Hazardous conditions caused by climate change put Arctic research study on ice

June 13th 2017 – National Observer

http://www.nationalobserver.com/2017/06/13/news/hazardous-conditions-caused-climate-change-put-arctic-research-study-ice

The Canadian Press

An Arctic climate change study has been canceled because warming temperatures have filled the sea off northern Newfoundland with hazardous ice up to eight metres thick.

artic ice2

Image Credit Scientific American

 

Instead of cruising north with a team of scientists, the Canadian Coast Guard icebreaker Amundsen has been busy freeing fishing boats and helping other ships surrounded in ice that usually doesn’t travel so far south at this time of year.

David Barber, the expedition’s chief scientist, says the irony is that climate change itself has put the climate change research project on ice.

“I have been in the Arctic for 35 years and this is one of the most incredible experiences I have ever had,” he said Monday. “Normally these conditions aren’t so bad. This is climate change fully in action — affecting our ability to make use of marine resources and transport things.”

Barber said warming temperatures have made the ice in the high Arctic thinner. When buffeted by storms and high winds, the ice can move much more freely and travels south on ocean currents.

The expedition of 40 scientists was planning to travel to Hudson Bay, but the Amundsen had to be diverted to help ships caught in the Strait of Belle Isle and along the coast of Newfoundland.

Barber, a University of Manitoba Arctic ice expert, said the heavy icebreaker helped rescue stranded fisherman and carved a path for tankers carrying diesel fuel to remote communities.

At times, the ice was so thick the ship had to repeatedly back up and ram its way through the frozen barrier.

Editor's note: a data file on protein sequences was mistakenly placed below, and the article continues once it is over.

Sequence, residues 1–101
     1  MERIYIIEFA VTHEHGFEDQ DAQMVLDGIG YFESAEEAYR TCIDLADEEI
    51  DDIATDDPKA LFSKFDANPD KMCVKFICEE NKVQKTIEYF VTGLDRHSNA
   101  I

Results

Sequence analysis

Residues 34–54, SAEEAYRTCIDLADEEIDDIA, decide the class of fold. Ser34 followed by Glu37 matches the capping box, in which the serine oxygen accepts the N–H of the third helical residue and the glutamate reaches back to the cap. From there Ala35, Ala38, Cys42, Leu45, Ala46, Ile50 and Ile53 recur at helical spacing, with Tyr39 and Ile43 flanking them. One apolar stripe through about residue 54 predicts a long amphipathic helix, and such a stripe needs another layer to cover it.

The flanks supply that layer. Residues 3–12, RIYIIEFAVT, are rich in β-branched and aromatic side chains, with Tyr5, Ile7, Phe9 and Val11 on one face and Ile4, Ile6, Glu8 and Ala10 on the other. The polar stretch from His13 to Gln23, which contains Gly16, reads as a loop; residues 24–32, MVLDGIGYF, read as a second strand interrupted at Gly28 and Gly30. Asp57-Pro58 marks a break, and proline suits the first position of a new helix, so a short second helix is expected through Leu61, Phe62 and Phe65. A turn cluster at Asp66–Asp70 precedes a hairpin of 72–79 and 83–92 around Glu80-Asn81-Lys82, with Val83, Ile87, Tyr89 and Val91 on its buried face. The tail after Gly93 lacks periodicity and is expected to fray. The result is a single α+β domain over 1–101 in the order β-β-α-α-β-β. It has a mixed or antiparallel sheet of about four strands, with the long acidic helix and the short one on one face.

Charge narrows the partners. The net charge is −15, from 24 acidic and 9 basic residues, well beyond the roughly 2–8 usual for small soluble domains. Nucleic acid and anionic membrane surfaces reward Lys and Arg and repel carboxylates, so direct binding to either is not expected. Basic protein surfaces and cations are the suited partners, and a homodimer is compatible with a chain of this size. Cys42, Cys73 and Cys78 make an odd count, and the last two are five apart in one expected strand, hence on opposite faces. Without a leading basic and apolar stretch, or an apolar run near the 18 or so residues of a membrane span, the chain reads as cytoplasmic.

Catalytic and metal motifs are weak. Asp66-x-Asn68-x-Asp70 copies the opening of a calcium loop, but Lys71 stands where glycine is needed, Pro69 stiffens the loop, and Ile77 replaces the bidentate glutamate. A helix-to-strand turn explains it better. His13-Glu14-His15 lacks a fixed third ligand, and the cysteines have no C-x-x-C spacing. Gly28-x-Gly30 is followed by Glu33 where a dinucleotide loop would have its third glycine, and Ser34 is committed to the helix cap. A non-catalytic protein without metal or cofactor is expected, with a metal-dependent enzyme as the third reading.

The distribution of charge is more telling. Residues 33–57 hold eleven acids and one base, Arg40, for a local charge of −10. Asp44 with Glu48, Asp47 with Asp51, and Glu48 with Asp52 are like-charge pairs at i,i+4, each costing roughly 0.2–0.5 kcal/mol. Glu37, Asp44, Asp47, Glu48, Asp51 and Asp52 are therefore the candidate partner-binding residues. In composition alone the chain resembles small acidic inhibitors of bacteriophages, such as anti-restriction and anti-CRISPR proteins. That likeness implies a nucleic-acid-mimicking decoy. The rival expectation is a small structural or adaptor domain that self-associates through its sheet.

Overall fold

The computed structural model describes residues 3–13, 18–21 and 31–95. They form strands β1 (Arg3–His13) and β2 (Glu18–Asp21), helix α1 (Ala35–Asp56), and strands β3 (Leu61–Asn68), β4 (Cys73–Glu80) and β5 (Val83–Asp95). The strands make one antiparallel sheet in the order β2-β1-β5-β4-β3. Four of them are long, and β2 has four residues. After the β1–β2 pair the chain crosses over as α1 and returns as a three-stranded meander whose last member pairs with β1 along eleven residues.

“Typically we run into this when we overwinter in the High Arctic,” he said. “To be doing that off the Newfoundland coast in June was completely unheard of.”

Barber said the delay caused by the ice prompted the cancellation of the expedition, but scientists put the time to good use. They will share information about the ice conditions with the Coast Guard and shipping companies.

The Coast Guard said last week that some fishing boats that had been stuck in thick ice had returned safely to shore. Five fishermen were flown to safety by a military helicopter after their boat started to take on water.

Scientists said the ice conditions are another indicator that climate change is not something that is going to happen — it is already here.

Barber said the shifting of thick ice will have implications for ship movements in other areas of the Arctic, including Baffin Bay and parts of the Northwest Passage.

He suggested the federal government needs to be more prepared for the changes through better monitoring of ice conditions and ensuring that Canada’s fleet of aging heavy icebreakers is up to the task.

“It was a real eye-opener for me — just how unprepared we are for climate change when it comes to ice hazards,” he said. “This is a wake-up call for all of us in the country.”

 

Advertisements

The Basics of Satellite Technology on Ships

Vessels at sea – Radio telecommunication at sea has undergone a major change in the last century. After the days of semaphores and flags (which is still relevant today in some cases), radio brought about a drastic change in marine communication at sea.

ais ship

From the early years of the last century, ships started using radios for communicating distress signals among the ships themselves and with the shore. Radio telegraphy using Morse code was used in the early part of the twentieth century for marine communication.